How to fix culture and end the Great Resignation
According to new research released in MIT Sloan Management Review, the three most potent predictors of toxic workplace behavior are toxic leadership, harmful social norms, and work design. By identifying and addressing these factors, leaders can dramatically improve employees’ experiences and minimize unwanted attrition, disengagement, negative word of mouth, and other costs associated with a toxic workplace.
The authors’ previous research identified toxic culture as the primary driver of the Great Resignation, more than ten times as decisive a factor as compensation.
“Toxic workplaces are far too common. Approximately 1 in 10 workers view their workplace culture as toxic, and they are sending a clear signal,” said coauthor Donald Sull, a senior lecturer at the MIT Sloan School of Management and cofounder of CultureX. “They will no longer tolerate disrespect, exclusionary behavior, abuse, and other toxic behaviors. Organizational leaders face two choices: detox their corporate culture or lose the war for talent.”
More than 90% of North American CEOs and CFOs believe improving their corporate culture would boost financial performance. Yet, most executives acknowledge that their organization’s culture is not as healthy as it should be.
If the corporate culture is critical and needs work, why don’t top leaders do more to improve it? Many aren’t sure where to start, but time is crucial as the toxicity from a bad boss can linger long after they depart a leadership position.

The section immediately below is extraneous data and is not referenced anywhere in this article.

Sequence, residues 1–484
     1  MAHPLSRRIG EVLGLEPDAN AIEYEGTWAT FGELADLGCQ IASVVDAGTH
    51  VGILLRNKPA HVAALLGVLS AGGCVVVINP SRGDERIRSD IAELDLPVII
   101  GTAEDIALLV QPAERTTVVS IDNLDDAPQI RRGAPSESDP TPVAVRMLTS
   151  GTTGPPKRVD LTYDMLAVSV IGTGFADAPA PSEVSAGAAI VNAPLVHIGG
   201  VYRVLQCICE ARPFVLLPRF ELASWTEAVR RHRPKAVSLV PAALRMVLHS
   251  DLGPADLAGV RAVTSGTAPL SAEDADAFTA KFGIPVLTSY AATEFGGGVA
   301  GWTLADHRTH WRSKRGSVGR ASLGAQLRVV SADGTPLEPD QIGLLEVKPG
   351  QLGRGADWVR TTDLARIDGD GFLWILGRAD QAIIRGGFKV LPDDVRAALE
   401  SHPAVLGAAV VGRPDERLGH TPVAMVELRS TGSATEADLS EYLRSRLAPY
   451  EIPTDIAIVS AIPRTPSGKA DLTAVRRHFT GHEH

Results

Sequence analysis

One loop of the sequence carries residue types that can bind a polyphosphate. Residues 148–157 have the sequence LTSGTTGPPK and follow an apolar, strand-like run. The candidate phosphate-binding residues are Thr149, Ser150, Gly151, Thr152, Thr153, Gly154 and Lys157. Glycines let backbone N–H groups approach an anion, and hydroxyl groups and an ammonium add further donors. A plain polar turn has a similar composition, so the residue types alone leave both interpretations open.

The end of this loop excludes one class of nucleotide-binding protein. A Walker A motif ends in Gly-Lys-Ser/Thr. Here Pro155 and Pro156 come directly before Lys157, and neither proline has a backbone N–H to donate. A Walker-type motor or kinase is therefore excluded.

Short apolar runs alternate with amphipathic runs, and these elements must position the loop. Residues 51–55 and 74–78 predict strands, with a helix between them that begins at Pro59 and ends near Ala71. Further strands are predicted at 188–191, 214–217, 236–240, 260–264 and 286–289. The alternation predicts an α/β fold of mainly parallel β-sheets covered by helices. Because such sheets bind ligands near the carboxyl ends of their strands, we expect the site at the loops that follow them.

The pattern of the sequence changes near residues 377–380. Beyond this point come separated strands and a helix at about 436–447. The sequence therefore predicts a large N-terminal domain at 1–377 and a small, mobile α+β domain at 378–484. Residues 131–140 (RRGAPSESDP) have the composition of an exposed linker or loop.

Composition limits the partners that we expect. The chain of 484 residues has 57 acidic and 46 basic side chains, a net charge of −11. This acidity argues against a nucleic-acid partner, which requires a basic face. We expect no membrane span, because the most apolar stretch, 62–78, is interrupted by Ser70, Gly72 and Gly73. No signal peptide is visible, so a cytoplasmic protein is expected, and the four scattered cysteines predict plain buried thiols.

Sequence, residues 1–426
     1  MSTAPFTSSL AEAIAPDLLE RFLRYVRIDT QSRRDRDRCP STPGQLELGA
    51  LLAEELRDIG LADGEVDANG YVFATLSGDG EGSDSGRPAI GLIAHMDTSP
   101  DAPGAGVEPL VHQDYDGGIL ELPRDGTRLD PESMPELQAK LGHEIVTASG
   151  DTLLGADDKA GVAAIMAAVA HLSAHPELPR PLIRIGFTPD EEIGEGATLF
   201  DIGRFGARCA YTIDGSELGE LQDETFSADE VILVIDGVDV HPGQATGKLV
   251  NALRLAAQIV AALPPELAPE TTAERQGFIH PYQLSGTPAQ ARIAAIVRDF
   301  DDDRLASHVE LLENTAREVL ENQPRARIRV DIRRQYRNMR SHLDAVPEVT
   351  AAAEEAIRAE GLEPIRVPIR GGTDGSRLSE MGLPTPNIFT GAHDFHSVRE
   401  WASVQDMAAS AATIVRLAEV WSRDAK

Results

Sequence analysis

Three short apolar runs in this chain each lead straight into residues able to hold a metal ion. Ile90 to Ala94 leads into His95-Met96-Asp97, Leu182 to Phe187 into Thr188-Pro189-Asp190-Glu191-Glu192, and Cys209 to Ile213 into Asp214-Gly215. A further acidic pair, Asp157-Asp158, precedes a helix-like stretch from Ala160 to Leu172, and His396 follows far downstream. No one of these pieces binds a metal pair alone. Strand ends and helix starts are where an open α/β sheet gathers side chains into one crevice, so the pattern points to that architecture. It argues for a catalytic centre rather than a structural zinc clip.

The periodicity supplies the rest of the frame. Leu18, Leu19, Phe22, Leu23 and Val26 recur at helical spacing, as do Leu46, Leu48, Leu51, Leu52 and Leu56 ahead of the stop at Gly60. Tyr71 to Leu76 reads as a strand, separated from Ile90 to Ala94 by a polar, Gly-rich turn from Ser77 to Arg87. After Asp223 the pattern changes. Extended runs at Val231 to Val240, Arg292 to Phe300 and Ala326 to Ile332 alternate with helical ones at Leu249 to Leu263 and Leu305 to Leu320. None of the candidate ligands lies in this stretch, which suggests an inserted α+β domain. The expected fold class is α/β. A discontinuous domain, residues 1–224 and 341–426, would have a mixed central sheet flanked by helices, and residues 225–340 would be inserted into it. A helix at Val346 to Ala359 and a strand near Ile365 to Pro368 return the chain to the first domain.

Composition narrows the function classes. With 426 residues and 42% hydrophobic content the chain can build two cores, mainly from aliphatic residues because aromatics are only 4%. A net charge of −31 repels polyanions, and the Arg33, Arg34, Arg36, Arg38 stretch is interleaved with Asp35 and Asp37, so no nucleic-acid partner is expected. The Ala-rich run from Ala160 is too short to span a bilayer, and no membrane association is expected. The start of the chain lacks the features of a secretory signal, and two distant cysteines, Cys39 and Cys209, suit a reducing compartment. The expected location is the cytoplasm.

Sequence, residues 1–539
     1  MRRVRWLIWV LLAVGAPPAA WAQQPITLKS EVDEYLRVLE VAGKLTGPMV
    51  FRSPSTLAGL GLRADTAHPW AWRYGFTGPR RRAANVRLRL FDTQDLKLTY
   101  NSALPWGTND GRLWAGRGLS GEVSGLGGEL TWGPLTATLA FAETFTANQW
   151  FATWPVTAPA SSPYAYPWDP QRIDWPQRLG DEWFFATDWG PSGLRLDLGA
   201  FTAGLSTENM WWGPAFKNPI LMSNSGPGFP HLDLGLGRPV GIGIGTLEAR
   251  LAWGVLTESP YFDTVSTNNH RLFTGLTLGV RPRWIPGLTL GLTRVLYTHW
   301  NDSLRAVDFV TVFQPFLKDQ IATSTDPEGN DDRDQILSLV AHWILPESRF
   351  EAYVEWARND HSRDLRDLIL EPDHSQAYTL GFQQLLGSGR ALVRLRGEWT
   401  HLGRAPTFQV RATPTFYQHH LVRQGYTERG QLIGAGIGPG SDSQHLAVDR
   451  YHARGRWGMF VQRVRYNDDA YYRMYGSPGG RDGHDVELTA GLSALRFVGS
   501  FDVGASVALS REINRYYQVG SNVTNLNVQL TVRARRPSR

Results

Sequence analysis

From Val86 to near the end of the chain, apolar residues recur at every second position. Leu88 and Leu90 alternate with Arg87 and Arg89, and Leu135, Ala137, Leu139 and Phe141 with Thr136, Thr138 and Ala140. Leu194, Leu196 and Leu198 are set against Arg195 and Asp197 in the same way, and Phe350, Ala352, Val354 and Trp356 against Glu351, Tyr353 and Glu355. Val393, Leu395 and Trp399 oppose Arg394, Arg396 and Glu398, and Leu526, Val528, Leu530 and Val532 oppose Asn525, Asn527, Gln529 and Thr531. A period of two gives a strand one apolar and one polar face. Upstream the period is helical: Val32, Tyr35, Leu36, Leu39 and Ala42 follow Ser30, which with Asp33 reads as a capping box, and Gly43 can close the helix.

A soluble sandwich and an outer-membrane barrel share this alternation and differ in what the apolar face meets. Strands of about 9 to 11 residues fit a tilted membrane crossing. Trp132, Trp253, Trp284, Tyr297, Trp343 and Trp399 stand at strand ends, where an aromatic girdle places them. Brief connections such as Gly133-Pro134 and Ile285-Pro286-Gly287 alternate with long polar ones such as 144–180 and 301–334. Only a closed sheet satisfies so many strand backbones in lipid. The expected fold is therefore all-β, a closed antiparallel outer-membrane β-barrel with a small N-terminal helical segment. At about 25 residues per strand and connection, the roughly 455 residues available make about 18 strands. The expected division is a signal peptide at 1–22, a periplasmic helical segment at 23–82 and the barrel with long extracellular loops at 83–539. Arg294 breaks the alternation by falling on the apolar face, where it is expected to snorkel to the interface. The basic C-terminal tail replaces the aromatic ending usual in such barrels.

Building on the previous research, Sull and coauthor Charles Sull, cofounder of CultureX, use AI to measure and improve corporate culture. In “How to Fix a Toxic Culture,” they share an authoritative, evidence-based framework that managers can use to perform a cultural detox in their organizations.
This includes interventions across the three main drivers of the toxic culture
- Leadership: Leaders cannot improve corporate culture unless they are willing to hold themselves and their colleagues accountable for toxic behavior. CEOs can keep cultural detox on the agenda by linking cultural improvements to bottom-line benefits, such as lower attrition. Middle managers are 2.5 times more important in predicting employee misconduct than companywide factors.
- Social Norms: Social norms, defined as behavior expected and acceptable in day-to-day social interactions, exist within organizations, specific teams, or departments, and they shape subcultures within the company. Toxic social norms increase the odds that even good people will behave poorly. Promoting uncollaborative employees to management can foster cutthroat subcultures that ultimately hurt the bottom line. Toxic leadership can negatively reshape social norms and influence behavior far beyond any jerk manager’s tenure, persisting through multiple leadership changes.
- Work Design: More than a century of research has pinpointed a handful of work design elements, such as overall workload and conflicting job demands, that consistently predict critical outcomes, including toxic behavior. Dozens of factors go into work design, but a few specific aspects are fundamental in predicting employee stress. When rethinking work design, it’s best to focus on elements of the job known to influence employee stress, such as reducing nuisance work, clarifying job descriptions and responsibilities, giving employees more control, and helping to reduce stress and improve sleep.
“Cultural change requires a holistic approach incorporating multiple interventions and a sustained focus over time. Without a commitment from the top team, any organization-wide culture change — including a cultural detox — is destined to fail,” commented Sull.